Public Fast Days

There are six fast days which are considered public fast days.  Yom Kippur is the only fast day recorded in the Torah (Vayikra 16:31). Shiva Asar B'Tammuz, Tisha B'Av, Tzom Gedalia and Asarah B'Tevet are recorded in Zecharia (8:19). Ta'anit Esther is based on the fast that Esther fasted (Esther 4:16) and is recorded in Masechet Soferim 21:1. 

The Difference Between Tisha B'Av and the Other Fast Days

The Gemara, Rosh HaShanah 18b, notes that the fast of Tisha B'Av is more stringent than the other three fasts mentioned by Zechariah because on Tisha B'Av there were multiple (and repetitive) tragedies.  For this reason, the Gemara states that the fast of Tisha B'Av is obligatory and the other fasts are optional (when there is no national crisis).

Ramban, Torat Ha'Adam (Chavel edition, pg. 244) notes that all public fasts commence at sundown and last a full day.  Furthermore, all of the activities that are prohibited on Tisha B'Av (washing, anointing, wearing leather shoes and marital relations) are prohibited on the other public fasts.  Ramban explains that the reason why these stringencies are not practiced on the "minor" fasts days is because the other days are, in principle, optional fast days.  While fasting on these days has become widespread practice, (and Ramban in fact maintains that it is prohibited to eat on these days now that it has become widespread) nevertheless, the widespread acceptance of these fasts was on condition that it does not entail all of the stringencies of Tisha B'Av.

Rambam, Hilchot Ta'aniot 5:5 and 5:10, implies that in principle Tisha B'Av is more stringent than the other fast days.  The other fast days do not start until the morning and the only prohibition that applies on these days is eating (and drinking).

R. Yeshaya Horowitz, Shelah, Ta'anit 43b, sides with the opinion of Ramban and explains that the reason why there was no widespread acceptance of all of the stringencies of Tisha B'Av is because it is something too difficult to impose on the masses.  Therefore, R. Horowitz suggests that an individual who feels that he is capable of fasting for twenty-four hours and refraining from the prohibited activities of Tisha B'Av should do so.  However, he should not publicize this and therefore, he should wear leather shoes in public.  This recommendation is cited by Mishna Berurah 550:6 (and Sha'ar HaTziun 550:9).  [To the best of this author's knowledge, there are many scrupulous individuals who do not follow this stringency.]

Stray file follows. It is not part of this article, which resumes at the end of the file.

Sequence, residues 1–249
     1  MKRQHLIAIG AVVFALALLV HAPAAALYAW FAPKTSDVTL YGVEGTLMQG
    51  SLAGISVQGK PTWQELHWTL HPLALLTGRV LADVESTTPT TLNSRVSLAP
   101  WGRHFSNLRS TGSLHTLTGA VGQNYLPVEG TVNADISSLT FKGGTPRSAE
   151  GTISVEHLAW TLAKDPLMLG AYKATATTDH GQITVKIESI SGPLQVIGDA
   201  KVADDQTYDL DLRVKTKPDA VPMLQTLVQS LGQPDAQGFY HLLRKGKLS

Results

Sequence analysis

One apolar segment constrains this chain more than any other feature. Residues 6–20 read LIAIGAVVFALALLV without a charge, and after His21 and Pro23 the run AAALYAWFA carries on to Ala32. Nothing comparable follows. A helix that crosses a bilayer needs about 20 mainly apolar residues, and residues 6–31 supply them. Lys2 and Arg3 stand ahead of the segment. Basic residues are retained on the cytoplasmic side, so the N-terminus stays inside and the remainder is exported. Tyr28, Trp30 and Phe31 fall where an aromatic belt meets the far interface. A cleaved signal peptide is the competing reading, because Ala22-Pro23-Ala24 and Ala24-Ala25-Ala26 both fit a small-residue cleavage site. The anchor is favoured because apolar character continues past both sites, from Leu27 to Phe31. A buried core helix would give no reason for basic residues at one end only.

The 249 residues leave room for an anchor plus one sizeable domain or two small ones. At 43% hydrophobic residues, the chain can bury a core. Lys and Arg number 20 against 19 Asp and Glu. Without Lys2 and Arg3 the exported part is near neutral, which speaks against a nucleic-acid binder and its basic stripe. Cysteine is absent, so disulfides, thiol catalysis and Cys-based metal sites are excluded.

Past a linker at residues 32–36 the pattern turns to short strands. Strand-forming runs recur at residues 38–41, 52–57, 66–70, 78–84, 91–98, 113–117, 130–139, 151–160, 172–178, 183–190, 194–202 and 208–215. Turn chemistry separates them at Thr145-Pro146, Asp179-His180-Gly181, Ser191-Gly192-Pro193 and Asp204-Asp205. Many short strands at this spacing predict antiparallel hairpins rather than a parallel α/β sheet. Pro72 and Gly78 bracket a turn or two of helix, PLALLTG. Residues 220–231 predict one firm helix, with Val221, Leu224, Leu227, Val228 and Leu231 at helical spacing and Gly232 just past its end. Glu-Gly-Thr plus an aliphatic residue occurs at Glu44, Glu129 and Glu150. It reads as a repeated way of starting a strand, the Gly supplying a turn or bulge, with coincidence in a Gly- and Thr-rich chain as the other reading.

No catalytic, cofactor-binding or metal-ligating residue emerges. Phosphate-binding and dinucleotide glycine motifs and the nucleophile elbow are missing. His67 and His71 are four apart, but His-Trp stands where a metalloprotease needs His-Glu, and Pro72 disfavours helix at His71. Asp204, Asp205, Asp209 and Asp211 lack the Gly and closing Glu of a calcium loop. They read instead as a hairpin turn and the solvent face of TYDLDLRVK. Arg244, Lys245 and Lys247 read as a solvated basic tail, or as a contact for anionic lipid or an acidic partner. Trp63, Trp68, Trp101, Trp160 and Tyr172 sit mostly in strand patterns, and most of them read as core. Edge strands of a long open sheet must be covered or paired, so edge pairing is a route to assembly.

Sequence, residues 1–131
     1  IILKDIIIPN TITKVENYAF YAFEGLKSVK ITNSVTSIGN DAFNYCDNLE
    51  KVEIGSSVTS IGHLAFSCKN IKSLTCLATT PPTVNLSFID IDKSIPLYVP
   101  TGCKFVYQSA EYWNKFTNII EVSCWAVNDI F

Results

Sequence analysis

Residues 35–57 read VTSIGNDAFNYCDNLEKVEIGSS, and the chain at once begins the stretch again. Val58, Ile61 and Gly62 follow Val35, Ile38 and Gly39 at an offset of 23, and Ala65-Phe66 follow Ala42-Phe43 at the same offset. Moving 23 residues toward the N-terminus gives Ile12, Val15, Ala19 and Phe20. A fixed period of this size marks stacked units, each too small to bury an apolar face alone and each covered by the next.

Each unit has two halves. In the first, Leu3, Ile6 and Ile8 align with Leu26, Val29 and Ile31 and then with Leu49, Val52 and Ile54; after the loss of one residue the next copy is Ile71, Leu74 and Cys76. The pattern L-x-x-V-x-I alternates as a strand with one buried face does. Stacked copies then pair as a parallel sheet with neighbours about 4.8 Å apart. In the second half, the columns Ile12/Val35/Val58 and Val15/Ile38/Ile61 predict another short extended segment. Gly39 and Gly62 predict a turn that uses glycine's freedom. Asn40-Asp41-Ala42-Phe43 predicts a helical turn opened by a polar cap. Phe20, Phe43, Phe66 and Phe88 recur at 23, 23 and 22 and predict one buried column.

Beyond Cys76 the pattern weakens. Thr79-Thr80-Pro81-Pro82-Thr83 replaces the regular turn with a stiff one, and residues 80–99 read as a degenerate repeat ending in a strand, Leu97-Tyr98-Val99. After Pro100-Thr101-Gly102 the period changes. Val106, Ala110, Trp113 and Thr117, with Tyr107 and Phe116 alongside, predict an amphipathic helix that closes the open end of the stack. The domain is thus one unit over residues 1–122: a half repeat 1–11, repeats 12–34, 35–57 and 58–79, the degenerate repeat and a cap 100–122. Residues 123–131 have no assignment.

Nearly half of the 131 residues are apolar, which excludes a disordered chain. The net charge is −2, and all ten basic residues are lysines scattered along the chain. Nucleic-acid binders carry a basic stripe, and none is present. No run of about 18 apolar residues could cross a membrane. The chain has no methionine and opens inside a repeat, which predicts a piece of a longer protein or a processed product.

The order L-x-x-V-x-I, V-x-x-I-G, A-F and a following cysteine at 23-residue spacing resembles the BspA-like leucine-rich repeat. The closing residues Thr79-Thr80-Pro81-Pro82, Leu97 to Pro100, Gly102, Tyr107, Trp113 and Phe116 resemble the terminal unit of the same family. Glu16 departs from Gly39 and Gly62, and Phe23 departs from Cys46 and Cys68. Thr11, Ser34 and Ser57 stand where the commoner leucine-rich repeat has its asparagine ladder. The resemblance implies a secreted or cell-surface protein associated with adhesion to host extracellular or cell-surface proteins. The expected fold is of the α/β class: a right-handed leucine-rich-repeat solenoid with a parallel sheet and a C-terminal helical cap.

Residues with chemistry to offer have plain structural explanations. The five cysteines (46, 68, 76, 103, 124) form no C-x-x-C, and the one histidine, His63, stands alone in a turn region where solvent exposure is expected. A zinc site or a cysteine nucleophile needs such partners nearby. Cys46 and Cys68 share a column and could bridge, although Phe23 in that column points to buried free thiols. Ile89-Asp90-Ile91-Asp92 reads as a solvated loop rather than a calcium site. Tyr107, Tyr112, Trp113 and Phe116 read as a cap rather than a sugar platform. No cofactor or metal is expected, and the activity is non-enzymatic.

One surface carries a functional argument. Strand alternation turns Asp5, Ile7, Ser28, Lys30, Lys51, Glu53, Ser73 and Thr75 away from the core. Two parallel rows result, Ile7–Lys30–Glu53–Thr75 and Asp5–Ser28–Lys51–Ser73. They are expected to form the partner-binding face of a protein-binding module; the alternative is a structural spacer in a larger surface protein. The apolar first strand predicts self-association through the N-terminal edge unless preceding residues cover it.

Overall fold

For those fast days that begin in the morning, the Gemara, 12a, states that the fast begins at amud hashachar (dawn).  However, the Gemara states that this only applies to someone who does not sleep the entire night.  If someone goes to sleep, the fast begins at the time he goes to sleep.  The Talmud Yerushalmi, Ta'anit 1:4, adds that if someone stipulates before he goes to sleep that he does not intend to begin the fast upon going to sleep, he may continue eating if he arises before amud hashacharShulchan Aruch, Orach Chaim 564:1, codifies the statements of the Talmud Bavli and Yerushalmi.

Fasting in Extenuating Circumstances

Mishna Berurah, Biur Halacha 550:1, discusses whether someone who has extreme difficulty fasting must fast on the minor fast days.  This issue may be contingent on the dispute between Rambam and Ramban.  According to Ramban, the reason why minor fast days are less stringent is because the fast days are, in principle, optional.  When they were accepted as widespread practice, their acceptance was in accordance with the needs of the people.  As such, it is possible that this widespread acceptance to fast did not include those who have extreme difficulty fasting.  However, according to Rambam, the leniencies of the minor fasts are built into the original institution of the fast days.  These minor fast days are not more lenient by nature and therefore, there is no reason to apply additional leniencies that are clearly not apparent on Tisha B'AvMishna Berurah concludes that a posek should deal with this issue on a case-by-case basis.